Aerospace

Hummingbird design, AI enable new capabilities for flying robots

10 May 2019

For years, researchers seeking to broaden the flying capabilities of robots have endeavored to decode one of nature’s best-kept secrets: the flight of the hummingbird, which is a remarkable hybrid of avian flight and insect-like hovering.

The value of such a skill could have applications ranging from finding victims trapped in collapsed buildings to drone-based espionage, the latter of which was explored by military supplier AeroVironment in the early 2010s. More recently, a team from Stanford studied the flight capabilities of hummingbirds and bats — the only other vertebrates with the ability to hover in place — with the goal of bringing new insight to robotic flight.

Now, researchers at Purdue University have trained flying robots with machine-learning algorithms based on hummingbird techniques, with high-flying results:

  • After learning from a simulation, the robot "knows" how to move around on its own like a hummingbird would, such as discerning when to perform an escape maneuver.
  • Artificial intelligence, combined with flexible flapping wings, also allows the robot to “teach itself new tricks.”
  • Though the robot can’t see (yet), it can sense by touching surfaces. Each touch alters an electrical current, which the researchers can track.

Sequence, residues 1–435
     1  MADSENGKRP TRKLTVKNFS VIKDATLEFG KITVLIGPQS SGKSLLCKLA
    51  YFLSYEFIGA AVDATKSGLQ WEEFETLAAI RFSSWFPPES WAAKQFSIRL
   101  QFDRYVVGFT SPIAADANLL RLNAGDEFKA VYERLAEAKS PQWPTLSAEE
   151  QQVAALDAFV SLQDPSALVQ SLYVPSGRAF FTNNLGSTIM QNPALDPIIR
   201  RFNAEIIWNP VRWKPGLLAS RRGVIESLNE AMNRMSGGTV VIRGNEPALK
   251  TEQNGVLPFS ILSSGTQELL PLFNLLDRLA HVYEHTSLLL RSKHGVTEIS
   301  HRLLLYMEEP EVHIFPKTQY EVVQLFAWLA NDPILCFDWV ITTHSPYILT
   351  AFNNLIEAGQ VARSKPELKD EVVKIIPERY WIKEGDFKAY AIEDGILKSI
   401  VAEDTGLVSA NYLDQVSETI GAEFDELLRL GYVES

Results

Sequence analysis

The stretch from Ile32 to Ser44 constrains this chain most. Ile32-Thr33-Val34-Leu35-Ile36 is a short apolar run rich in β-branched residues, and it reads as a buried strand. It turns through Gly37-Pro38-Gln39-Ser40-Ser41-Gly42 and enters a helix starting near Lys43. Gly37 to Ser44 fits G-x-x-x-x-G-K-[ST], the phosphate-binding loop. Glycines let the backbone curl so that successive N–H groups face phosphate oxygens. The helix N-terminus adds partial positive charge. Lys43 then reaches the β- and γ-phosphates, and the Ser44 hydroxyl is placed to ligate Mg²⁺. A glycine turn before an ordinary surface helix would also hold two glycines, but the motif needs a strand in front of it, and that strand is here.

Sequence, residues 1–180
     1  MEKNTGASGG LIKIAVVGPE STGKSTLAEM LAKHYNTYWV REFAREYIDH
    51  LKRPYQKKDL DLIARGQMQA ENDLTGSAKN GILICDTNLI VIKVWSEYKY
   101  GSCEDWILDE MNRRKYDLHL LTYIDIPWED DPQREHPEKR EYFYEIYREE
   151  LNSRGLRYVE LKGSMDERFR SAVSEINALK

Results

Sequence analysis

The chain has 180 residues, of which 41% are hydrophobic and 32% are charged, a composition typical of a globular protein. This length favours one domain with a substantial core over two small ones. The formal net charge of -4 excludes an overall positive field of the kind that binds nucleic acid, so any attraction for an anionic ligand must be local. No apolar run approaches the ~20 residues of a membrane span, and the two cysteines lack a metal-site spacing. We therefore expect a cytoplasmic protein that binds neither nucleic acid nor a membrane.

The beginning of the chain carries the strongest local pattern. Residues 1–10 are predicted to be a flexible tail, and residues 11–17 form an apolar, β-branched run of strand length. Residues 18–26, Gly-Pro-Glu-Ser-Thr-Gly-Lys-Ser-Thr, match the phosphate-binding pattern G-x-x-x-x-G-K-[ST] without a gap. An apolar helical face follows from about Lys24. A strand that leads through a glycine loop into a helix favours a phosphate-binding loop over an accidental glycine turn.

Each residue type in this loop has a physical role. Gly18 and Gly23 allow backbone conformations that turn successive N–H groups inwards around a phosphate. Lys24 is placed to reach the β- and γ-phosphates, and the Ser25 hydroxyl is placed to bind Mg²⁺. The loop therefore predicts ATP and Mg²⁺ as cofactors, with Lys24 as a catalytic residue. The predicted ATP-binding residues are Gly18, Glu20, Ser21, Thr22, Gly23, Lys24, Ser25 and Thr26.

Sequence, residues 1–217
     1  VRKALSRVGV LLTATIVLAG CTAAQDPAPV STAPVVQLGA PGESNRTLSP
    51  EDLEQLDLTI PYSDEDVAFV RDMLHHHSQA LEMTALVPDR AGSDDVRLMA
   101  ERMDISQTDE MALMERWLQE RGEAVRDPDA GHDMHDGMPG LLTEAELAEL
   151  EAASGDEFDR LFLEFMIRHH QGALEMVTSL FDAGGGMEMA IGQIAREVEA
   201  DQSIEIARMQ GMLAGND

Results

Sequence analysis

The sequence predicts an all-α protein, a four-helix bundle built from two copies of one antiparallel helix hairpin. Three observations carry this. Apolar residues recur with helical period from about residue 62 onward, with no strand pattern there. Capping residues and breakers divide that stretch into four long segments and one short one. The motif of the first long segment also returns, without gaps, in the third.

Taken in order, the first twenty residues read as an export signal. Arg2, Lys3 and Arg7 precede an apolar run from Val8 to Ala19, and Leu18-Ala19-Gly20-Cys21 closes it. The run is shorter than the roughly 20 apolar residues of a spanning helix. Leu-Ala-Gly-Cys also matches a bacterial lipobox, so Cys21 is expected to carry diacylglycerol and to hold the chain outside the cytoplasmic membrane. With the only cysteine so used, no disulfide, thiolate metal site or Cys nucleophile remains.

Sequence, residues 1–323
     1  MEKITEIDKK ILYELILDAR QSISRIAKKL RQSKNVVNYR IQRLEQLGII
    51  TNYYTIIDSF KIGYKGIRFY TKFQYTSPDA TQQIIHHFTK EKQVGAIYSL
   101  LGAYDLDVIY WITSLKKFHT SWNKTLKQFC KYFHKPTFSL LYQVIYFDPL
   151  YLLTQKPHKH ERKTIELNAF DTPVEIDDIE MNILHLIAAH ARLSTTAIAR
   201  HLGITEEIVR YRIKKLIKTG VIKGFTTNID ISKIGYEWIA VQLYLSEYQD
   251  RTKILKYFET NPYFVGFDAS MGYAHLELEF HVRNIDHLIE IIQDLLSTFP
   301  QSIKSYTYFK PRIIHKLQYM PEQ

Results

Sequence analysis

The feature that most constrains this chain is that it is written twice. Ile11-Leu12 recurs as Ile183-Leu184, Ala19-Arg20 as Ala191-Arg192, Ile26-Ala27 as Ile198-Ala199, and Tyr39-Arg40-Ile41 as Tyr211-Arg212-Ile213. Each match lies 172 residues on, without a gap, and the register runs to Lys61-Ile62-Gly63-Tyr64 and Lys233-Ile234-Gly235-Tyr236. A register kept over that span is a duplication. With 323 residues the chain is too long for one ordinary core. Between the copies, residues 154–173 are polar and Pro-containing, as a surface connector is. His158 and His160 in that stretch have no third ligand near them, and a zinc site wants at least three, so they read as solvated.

• The robot remains steady through turbulence, which the researchers demonstrated by testing the dynamically scaled wings in an oil tank.

In developing their robots, the researchers studied hummingbirds for multiple summers in Montana. Key maneuvers such as making rapid 180° turns were documented, then translated into computer algorithms that could be learned in a simulation environment. Further study on the physics of both insects and hummingbirds allowed the researchers to build even smaller robots without compromising the quality of flight.

The team has built an insect-sized robot weighing just one gram; the hummingbird model, measuring in at 12 grams, can lift more than twice its own weight. Both are comprised of 3D-printed bodies, carbon-fiber wings and laser-cut membranes. They require only two motors, though they currently need to be tethered to an energy source for flight. It is anticipated that a battery will eventually be added, along with sensing technology such as a camera or GPS.

The robots’ silent flight, another trait borrowed from hummingbirds, increases their potential for covert operations. Each wing can be controlled independently of the other, which is one secret to the highly agile maneuvers performed by flying animals in nature.

The researchers will present their work at this year’s IEEE International Conference on Robotics and Automation (ICRA) in Montreal, which runs May 20-24, 2019. Open-source simulations of the technology are available on GitHub.



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